I'm done here. You may have the last word if you like.

Charlie Mas said...

This week the Stranger published their reasons for their picks.

They considered me a qualified candidate, and described me, not unflatteringly, as "Charlie Mas, wonkiest wonk of all school-district wonky-wonks.".

They also described this blog as "a creepily obsessive school-board blog"

But they gave the nod to Betty Patu because they believe she is hard-core.

They did not mention Mr. Chin.

In the District 5 race, the Stranger chose Kay Smith-Blum over Mary Bass because she was their preferred brand of crazy. No mention was made of Ms Cullen or Mr. Helmstetter.

Melissa Westbrook said...

Yes, and their reasoning was incredibly weird. It almost sounded like they thought being afraid of Kay and Betty was a good thing - it sounded more like a Mom complex than an endorsement.

I wrote in their comment section about their need to repeatedly say how dull school board elections are. Well, only if you aren't a parent. Then it matters a lot. I also wrote that if we are obsessive here, it is because we are discussing public education (the backbone of our society) and children's lives and taxpayer dollars. Those dull topics. If that makes Charlie and I (and our other contributors) obsessive, I'll wear that badge proudly.

Steve Zemke said...

The Stranger is missing the boat on Charlie Mas and people like him and this blog that care about education in Seattle and are fanatic about it.

My experience in the Ingraham High School battle over unnecessarily building in a rare plant habitat (madrone conifer forest) and not caring, was that the School Board members did not do due diligence in examining the issues involved. They still aren't as the Administration has filed an addendum to the original environmnetal checklist that still ignores the stand as a rare plant habitat as confirmed by the Seattle Hearing Examiner.

Where is the oversight if Board members don't pay attention to the details?

Having School Board members like Peter Maier tell us last year that he didn't know when they were planning to start construction of the project even though he was the representative to the BEX oversight committee which received monthly timelines and budgets, is not who the School Board needs more of. He also represents the District Ingraham was in and he had not even visited the site to check it out until we started asking questions. Steve Sundquist also had not visited the site yet was voting to move the Project forward.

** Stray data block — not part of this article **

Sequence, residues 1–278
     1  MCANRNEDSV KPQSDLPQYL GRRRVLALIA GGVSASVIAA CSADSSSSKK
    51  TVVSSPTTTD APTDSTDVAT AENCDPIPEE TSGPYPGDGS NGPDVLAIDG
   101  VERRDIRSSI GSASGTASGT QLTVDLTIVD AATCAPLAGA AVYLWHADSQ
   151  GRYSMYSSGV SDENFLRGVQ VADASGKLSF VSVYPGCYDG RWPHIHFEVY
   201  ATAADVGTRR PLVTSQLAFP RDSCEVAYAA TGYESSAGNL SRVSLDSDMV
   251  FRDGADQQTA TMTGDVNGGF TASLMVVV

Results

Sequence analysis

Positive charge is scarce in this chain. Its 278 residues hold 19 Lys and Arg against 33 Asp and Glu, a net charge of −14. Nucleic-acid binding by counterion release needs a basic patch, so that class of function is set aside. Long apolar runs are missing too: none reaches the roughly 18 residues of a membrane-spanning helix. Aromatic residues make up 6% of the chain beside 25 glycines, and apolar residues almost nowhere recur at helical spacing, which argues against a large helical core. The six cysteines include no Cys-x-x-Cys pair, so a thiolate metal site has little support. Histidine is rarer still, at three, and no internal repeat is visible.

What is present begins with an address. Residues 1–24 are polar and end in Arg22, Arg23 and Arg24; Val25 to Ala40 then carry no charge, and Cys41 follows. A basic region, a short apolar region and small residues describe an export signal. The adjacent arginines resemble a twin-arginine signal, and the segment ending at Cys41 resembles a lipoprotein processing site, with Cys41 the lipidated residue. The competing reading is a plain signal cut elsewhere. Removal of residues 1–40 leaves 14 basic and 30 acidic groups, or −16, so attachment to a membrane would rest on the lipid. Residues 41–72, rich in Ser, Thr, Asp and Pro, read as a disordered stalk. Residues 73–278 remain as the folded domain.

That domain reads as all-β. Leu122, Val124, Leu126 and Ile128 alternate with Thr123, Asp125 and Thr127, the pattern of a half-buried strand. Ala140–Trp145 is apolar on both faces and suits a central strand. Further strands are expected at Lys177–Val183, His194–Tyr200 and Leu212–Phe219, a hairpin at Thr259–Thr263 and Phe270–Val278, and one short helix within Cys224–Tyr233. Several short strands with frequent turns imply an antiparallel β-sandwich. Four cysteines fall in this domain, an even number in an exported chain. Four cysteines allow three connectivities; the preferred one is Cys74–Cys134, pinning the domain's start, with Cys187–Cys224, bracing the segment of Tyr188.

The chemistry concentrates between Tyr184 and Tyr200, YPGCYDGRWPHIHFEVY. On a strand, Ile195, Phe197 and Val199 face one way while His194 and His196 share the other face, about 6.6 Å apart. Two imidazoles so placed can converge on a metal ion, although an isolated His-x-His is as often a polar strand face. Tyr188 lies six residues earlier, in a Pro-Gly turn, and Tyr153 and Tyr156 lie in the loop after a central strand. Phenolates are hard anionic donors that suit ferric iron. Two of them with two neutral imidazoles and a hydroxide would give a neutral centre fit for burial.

If Charlie Mas is a wonk I say more power to him. The School District could use more wonks who know what is going on and know how to ask questions and demand answers.

Too many on the current School Board rely on the Administrative staff for answers and don't ask questions and don't feel the need to respond to the public when they ask questions. The School Board should not be a rubber stamp for the Superintendent and staff.

Melissa Westbrook said...

I had to add this comment from the comment section of The Stranger's endorsements:

"It occurs to me that the reporters from The Stranger who cover the local music scene and City Hall politics have a knowledge on those topics as deep and broad as Charlie Mas' knowledge of school district issues. Does that mean that your reporters and your paper are "creepily obsessive"? Will that become your new slogan?"

Signed, Creepily Obsessive

Very funny.

gavroche said...

I've been very disappointed and quite shocked, actually, by the Stranger's lack of coverage of Seattle Public Schools issues in general this past year, from the closures fiasco to the questionable influence of the Broad Foundation or the various lawsuits that have recently been filed against the District.

I've heard that Dan Savage's school-age son does not attend SPS, but goes to school in Shoreline or elsewhere. If so, that may explain Editor Savage's lack of personal interest in what's going on in our School District and consequently his paper's shallow analysis of the School Board candidates. But it does not in any way excuse it.

gavroche said...

Another thing about the Stranger -- last City Council Election, I remember them endorsing someone in the Primary and then ditching their candidate and switching their endorsement to the incumbent in the General.

Sure, they are allowed to do that, but the reasons they gave for this inconsistency indicated that they weren't really that serious in their initial support of the candidate, but just wanted him to get to the General to make things more interesting, or whatever.

Since then, I've not taken their capricious endorsements very seriously. This is unfortunate, since there are so few print media outlets remaining and the Stranger could make a valuable contribution to the debate -- if it could only be bothered to do so.

Sometimes I wish the Stranger would grow up.